Baud Rate
The baud rate specifies how fast data is sent over a serial line. Its usually
expressed in units of bits-per-second (bps). If you invert the baud rate, you
can find out just how long it takes to transmit a single bit. This value
determines how long the transmitter holds a serial line high/low or at what
period the receiving device samples its line.
Baud rates can be just about any value within reason. The only requirement
is that both devices operate at the same rate. One of the more common
baud rates, especially for simple stuff where speed isnt critical, is 9600
bps. Other standard baud are 1200, 2400, 4800, 19200, 38400, 57600,
and 115200.
The higher a baud rate goes, the faster data is sent/received, but there are
limits to how fast data can be transferred. You usually wont see speeds
exceeding 115200 - thats fast for most microcontrollers. Get too high, and
youll begin to see errors on the receiving end, as clocks and sampling
periods just cant keep up.

Framing the data


Each block (usually a byte) of data transmitted is actually sent in a packet
or frame of bits. Frames are created by appending synchronization and
parity bits to our data.

A serial frame. Some symbols in the frame have configurable bit sizes.
Lets get into the details of each of these frame pieces.

Data chunk
The real meat of every serial packet is the data it carries. We ambiguously
call this block of data a chunk, because its size isnt specifically stated. The
amount of data in each packet can be set to anything from 5 to 9 bits.
Certainly, the standard data size is your basic 8-bit byte, but other sizes
have their uses. A 7-bit data chunk can be more efficient than 8, especially
if youre just transferring 7-bit ASCII characters.
After agreeing on a character-length, both serial devices also have to agree
on the endianness of their data. Is data sent most-significant bit (msb) to
least, or vice-versa? If its not otherwise stated, you can usually assume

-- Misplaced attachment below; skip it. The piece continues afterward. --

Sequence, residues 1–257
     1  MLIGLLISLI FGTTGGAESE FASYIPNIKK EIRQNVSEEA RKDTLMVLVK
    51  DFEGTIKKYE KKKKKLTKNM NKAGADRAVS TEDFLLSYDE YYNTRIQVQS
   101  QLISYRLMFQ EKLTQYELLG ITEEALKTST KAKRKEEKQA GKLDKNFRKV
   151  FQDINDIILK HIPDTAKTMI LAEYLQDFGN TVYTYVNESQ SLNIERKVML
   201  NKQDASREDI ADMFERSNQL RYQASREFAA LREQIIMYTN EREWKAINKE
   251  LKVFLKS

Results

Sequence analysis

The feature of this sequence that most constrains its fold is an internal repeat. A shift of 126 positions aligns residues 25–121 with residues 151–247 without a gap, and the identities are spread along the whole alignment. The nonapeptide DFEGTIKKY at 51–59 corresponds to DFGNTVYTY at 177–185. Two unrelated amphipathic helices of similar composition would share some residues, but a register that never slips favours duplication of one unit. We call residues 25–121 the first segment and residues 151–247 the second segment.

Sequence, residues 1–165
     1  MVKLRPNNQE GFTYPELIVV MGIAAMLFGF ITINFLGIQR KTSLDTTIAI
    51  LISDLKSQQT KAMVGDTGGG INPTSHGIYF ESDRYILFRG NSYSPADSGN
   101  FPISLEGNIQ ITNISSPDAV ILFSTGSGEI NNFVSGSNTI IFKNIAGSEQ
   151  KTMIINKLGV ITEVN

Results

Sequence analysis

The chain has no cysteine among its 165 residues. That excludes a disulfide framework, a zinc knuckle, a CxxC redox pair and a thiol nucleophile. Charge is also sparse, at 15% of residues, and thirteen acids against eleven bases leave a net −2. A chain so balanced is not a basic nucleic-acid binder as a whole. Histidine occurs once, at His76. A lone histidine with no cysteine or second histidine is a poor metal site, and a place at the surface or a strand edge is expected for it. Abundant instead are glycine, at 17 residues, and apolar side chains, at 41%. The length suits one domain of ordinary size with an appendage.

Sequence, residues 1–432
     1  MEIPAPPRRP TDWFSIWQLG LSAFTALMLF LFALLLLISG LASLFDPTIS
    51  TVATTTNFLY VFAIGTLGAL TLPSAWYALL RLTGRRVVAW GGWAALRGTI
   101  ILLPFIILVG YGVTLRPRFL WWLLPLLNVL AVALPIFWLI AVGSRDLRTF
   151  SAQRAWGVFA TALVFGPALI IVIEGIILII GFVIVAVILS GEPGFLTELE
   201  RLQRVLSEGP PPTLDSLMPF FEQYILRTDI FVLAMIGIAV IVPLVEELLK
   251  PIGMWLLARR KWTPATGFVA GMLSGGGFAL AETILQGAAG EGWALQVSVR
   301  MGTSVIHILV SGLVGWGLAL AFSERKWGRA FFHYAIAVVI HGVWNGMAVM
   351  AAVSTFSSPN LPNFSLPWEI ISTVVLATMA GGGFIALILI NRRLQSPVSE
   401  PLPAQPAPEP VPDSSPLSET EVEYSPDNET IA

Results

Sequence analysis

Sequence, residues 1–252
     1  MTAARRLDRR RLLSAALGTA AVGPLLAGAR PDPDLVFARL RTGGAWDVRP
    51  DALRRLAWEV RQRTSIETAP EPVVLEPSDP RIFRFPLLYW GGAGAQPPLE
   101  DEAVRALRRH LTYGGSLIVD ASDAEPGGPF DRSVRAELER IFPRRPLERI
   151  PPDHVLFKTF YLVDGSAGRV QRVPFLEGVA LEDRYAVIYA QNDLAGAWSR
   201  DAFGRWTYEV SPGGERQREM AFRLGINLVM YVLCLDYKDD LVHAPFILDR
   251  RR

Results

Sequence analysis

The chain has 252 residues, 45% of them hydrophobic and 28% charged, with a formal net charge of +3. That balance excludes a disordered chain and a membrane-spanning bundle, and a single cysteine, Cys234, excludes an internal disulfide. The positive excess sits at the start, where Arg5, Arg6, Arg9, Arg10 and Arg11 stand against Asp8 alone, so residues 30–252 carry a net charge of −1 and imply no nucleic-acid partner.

that data is transferred least-significant bit (lsb) first.

Synchronization bits
The synchronization bits are two or three special bits transferred with each
chunk of data. They are the start bit and the stop bit(s). True to their
name, these bits mark the beginning and end of a packet. Theres always
only one start bit, but the number of stop bits is configurable to either one or
two (though its commonly left at one).

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The start bit is always indicated by an idle data line going from 1 to 0, while
the stop bit(s) will transition back to the idle state by holding the line at 1.

Parity bits
Parity is a form of very simple, low-level error checking. It comes in two
flavors: odd or even. To produce the parity bit, all 5-9 bits of the data byte
are added up, and the evenness of the sum decides whether the bit is set
or not. For example, assuming parity is set to even and was being added to
a data byte like 0b01011101 , which has an odd number of 1 s (5), the
parity bit would be set to 1 . Conversely, if the parity mode was set to odd,
the parity bit would be 0 .
Parity is optional, and not very widely used. It can be helpful for transmitting
across noisy mediums, but itll also slow down your data transfer a bit and
requires both sender and receiver to implement error-handling (usually,
received data that fails must be re-sent).

9600 8N1 (an example)


9600 8N1 - 9600 baud, 8 data bits, no parity, and 1 stop bit - is one of the
more commonly used serial protocols. So, what would a packet or two of
9600 8N1 data look like? Lets have an example!
A device transmitting the ASCII characters O and K would have to create
two packets of data. The ASCII value of O (thats uppercase) is 79, which
breaks down into an 8-bit binary value of 01001111 , while Ks binary value
is 01001011 . All thats left is appending sync bits.
It isnt specifically stated, but its assumed that data is transferred leastsignificant bit first. Notice how each of the two bytes is sent as it reads
from right-to-left.

Since were transferring at 9600 bps, the time spent holding each of those
bits high or low is 1/(9600 bps) or 104 s per bit.
For every byte of data transmitted, there are actually 10 bits being sent: a
start bit, 8 data bits, and a stop bit. So, at 9600 bps, were actually sending
9600 bits per second or 960 (9600/10) bytes per second.

Now that you know how to construct serial packets, we can move on to the